You'll have to forgive my pregnancy centered blogging for the next 26 weeks or so. My body is no longer mine, it's just on partial loan while I incubate the newbie. I have been subjected to yet more maternal-fetal tests and am reminded how pregnancy is much like gambling, specifically craps. The worst odds in the house and it can all be completely reduced to numbers. Especially when of 'advanced maternal age' ie over 35. The chances of miscarriage: 20-35%, chance of Down Syndrome 1 in 190, birth defects 1 in 400 at age 35 1 in 400 at age 40, risk of autism goes up 18% with every 5 years mom increases in age. I'm sure I could go on but quite frankly reading these statistics is depressing. Realistically the percentages are still good that my baby will be perfectly normal. If I don't miscarry. I have a multitude of friends with both success and disappointment stories. Many have had at least 1 miscarriage before a successful pregnancy. I have 1 friend (parents of my kid's classmate) who recently had a baby with a chromosomal defect. It wasn't Downs but he does have a few issues that will need physical therapy. So I suppose the statistics are great, as long as you aren't that partial one percent right?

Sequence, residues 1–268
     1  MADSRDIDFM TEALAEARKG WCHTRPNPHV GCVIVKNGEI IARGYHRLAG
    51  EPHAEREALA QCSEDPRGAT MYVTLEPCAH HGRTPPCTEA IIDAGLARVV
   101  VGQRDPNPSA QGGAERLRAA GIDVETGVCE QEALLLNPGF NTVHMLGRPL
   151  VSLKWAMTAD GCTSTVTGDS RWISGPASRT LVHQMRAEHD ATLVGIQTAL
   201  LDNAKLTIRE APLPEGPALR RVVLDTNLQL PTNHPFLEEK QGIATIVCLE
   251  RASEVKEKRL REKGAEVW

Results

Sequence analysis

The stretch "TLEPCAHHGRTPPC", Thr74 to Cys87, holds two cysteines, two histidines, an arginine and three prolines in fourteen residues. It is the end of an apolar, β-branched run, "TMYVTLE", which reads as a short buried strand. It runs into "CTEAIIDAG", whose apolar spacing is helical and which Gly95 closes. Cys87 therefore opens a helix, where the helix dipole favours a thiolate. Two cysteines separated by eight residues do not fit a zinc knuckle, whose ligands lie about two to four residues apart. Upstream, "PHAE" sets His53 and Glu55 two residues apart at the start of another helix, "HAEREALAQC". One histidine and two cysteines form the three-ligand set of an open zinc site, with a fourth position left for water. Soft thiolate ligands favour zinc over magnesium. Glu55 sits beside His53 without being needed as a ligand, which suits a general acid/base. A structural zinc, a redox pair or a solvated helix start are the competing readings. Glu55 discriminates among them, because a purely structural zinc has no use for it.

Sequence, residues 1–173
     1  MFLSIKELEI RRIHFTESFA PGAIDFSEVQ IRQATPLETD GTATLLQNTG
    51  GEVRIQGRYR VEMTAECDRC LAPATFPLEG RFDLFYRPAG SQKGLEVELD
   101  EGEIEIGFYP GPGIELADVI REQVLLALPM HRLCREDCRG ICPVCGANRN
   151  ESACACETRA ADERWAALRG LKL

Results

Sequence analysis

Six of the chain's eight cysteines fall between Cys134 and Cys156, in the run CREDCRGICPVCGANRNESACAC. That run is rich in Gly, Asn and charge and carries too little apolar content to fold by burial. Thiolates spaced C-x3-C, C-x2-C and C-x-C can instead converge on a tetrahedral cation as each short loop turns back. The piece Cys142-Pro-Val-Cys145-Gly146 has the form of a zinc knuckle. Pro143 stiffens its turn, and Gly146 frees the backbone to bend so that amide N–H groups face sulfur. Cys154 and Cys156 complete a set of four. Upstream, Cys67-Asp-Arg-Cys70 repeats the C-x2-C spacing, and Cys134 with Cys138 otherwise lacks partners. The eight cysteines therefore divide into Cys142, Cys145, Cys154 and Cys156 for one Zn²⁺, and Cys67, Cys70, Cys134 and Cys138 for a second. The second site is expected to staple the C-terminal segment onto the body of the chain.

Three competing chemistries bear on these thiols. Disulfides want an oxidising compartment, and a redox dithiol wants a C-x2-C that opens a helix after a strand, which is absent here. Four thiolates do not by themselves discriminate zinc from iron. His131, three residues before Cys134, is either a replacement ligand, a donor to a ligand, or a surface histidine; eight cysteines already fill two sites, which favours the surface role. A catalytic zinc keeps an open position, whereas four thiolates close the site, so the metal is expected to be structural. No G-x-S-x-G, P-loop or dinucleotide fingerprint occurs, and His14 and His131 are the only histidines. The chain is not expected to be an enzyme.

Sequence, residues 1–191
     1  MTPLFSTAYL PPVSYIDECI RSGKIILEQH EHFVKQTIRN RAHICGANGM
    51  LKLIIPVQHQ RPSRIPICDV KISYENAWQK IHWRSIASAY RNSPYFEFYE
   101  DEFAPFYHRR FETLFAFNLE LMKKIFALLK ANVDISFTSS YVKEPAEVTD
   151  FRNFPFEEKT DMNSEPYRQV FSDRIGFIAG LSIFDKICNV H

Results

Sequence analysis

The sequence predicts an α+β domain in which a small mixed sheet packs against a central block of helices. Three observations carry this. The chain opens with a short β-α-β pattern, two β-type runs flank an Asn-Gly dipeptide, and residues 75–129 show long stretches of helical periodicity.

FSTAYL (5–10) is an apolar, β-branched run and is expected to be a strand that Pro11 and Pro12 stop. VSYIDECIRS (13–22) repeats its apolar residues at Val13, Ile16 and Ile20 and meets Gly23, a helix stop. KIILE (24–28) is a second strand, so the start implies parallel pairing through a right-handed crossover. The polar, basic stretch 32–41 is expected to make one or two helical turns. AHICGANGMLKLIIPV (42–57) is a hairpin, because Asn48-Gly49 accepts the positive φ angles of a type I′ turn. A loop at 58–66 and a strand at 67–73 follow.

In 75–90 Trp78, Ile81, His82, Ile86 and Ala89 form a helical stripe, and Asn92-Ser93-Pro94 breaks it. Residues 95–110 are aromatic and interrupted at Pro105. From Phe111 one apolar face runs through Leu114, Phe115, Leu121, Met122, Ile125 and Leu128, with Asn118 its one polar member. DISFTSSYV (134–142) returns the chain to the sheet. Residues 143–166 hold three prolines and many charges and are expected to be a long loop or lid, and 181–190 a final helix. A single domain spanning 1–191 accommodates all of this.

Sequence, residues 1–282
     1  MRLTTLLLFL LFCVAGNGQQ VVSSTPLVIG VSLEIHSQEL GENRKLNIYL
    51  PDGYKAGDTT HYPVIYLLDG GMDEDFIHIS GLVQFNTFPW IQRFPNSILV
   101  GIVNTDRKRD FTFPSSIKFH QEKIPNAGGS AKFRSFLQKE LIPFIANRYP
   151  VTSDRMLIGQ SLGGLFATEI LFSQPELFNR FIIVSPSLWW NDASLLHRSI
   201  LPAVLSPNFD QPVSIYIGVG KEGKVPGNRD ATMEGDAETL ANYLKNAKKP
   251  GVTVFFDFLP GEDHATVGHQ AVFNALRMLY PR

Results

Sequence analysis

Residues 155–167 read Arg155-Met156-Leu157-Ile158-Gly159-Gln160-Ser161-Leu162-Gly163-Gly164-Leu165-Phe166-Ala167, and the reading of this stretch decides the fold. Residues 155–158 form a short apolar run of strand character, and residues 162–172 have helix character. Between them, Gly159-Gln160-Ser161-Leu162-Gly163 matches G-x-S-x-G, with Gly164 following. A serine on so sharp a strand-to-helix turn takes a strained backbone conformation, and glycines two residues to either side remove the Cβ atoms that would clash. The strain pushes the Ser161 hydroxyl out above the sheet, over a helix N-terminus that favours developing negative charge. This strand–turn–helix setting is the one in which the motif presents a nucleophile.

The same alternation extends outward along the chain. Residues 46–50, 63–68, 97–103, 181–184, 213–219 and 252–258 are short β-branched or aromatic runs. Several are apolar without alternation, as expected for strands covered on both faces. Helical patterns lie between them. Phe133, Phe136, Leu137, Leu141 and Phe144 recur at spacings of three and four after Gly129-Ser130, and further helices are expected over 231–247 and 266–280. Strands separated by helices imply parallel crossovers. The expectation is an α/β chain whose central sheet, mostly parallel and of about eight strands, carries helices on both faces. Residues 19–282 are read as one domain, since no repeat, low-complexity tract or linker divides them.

We have crossed a few hurdles already and I'm thankful for every one. First off was getting pregnant. Our first was a total fluke so I didn't figure we'd have too much of a problem repeating the oops. Wrong. I'm sure age had plenty to do with that too, it's been almost 10 years since that last pregnancy. Damn we're old. We tried for over a year and then decided to try Clomid. I've had a few friends try it, none have actually gotten pregnant when using it. It does carry a risk of multiples so there is that. The women I do know who used it have all gotten pregnant eventually. One several years later on her own, the others the month after stopping the Clomid. This is what happened to us. You only take the pill for 6 consecutive months, then you stop. We got pregnant on month 7. No multiples, thank gawd. The first hurdle after conceiving is having a viable pregnancy. That means it's in the uterus (ectopic=bad) and it has a heartbeat. I had a co-workers wife who got pregnant at the same time as I did with my first pregnancy. We went for our first ob visit in the same week. Mine had a heart beat. Hers didn't. They had to do a D&C. Really tragic. Needless to say when I went in for my first ob visit this time around, high up on my list was to hear the heartbeat. This being 10 years out from the last we didn't even have to do the doppler thing, I got an quickie office ultrasound. Got to see and hear the heart beat, measure the fetus, and determine the age of the pregnancy (which I was off on calculating) at that point (7 weeks). Freaking awesome and I mark that as the first hurdle post conception.